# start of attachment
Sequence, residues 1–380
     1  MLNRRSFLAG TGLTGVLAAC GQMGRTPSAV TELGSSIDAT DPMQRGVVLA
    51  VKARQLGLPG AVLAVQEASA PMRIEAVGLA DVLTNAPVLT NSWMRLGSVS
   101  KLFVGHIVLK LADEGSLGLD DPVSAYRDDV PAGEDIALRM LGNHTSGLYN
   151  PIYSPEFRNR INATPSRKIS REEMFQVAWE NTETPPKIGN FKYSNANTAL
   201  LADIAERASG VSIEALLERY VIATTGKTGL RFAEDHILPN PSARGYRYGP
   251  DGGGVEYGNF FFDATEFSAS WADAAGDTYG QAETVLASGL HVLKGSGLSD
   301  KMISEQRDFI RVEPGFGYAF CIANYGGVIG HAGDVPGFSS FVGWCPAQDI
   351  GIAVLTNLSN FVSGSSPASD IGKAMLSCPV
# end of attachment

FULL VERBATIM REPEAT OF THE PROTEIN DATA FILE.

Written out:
Sequence, residues 1–380
     1  MLNRRSFLAG TGLTGVLAAC GQMGRTPSAV TELGSSIDAT DPMQRGVVLA
    51  VKARQLGLPG AVLAVQEASA PMRIEAVGLA DVLTNAPVLT NSWMRLGSVS
   101  KLFVGHIVLK LADEGSLGLD DPVSAYRDDV PAGEDIALRM LGNHTSGLYN
   151  PIYSPEFRNR INATPSRKIS REEMFQVAWE NTETPPKIGN FKYSNANTAL
   201  LADIAERASG VSIEALLERY VIATTGKTGL RFAEDHILPN PSARGYRYGP
   251  DGGGVEYGNF FFDATEFSAS WADAAGDTYG QAETVLASGL HVLKGSGLSD
   301  KMISEQRDFI RVEPGFGYAF CIANYGGVIG HAGDVPGFSS FVGWCPAQDI
   351  GIAVLTNLSN FVSGSSPASD IGKAMLSCPV